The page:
Similar to Amazon, Alibaba said it’s using technology such as machine learning and data analysis to identify and take down fakes. The company said it detected a Taobao merchant suspected of selling counterfeit goods and provided the information to the Shenzhen Luohu District police, who raided the seller on Aug. 10 and confiscated more than 125 counterfeit Swarovski watches. Another fake Swarovski seller on Taobao was found during the process.

Last month, Alibaba sued Shatui, which allegedly links merchants with people willing to falsify purchases and write positive comments that can drive up sellers’ rankings on Alibaba.

The company said that from April to July last year it provided leads to Chinese authorities on counterfeiting that helped seize fake goods valued at more than 1.4 billion yuan, spur the arrest of 332 suspects and shut down 417 production lines.

© Brent Lewin/Bloomberg

Alibaba sues sellers of counterfeit goods after it was blacklisted by the US

Alibaba (NYSE: BABA) is taking the fight to sellers of counterfeit goods and, for the first time, suing two merchants on one of its e-commerce platforms – just days after it was blacklisted by the U.S. government for hosting fake items.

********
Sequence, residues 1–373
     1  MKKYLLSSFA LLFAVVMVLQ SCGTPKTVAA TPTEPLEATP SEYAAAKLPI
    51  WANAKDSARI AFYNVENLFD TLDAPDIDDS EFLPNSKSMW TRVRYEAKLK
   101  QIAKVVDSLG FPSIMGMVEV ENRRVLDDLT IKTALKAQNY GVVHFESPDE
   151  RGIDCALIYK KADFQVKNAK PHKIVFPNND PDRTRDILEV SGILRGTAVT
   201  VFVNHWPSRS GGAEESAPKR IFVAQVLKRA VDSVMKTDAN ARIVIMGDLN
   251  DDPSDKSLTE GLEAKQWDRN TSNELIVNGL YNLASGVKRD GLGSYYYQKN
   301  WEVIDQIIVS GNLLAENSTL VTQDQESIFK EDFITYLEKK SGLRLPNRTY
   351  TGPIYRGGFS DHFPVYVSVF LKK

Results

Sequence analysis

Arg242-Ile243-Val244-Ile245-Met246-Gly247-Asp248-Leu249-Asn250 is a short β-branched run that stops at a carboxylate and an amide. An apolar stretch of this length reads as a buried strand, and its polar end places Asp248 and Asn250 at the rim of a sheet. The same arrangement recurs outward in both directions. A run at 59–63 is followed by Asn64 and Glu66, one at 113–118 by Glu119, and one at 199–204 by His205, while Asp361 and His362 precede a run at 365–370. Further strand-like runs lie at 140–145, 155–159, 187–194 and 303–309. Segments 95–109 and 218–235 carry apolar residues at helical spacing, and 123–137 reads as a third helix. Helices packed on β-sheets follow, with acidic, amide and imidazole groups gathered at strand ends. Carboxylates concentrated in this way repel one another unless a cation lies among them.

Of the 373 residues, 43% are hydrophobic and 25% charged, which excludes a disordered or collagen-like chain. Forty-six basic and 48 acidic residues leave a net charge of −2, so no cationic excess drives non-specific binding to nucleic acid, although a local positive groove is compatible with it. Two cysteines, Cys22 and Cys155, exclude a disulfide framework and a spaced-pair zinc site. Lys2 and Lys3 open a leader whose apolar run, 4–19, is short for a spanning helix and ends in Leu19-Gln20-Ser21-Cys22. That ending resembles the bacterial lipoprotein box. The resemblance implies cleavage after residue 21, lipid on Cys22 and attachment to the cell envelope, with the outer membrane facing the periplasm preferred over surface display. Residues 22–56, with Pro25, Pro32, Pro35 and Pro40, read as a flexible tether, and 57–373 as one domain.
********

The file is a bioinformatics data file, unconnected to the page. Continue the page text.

The Chinese firm filed a lawsuit against two sellers of fake Swarovski watches on its eBay-like Taobao platform with the Shenzhen Longgang District People's Court, claiming 1.4 million yuan ($201,482) in damages.

While it may not seem like a large amount for a company like Alibaba but the company is hoping to stop others from hosting dodgy items.

"We want to mete out to counterfeiters the punishment they deserve in order to protect brand owners. We will bring the full force of the law to bear on these counterfeiters so as to deter others from engaging in this crime wherever they are," said Zheng Junfang, chief platform governance officer at Alibaba Group, said in a press release on Wednesday.



Shenzhen Luohu District police raided the seller on August 10, 2016 and confiscated over 125 counterfeit Swarovski watches, valuing nearly 2 million yuan, Alibaba said. Another fake Swarovski seller on Taobao was also found relating to the case during the raid.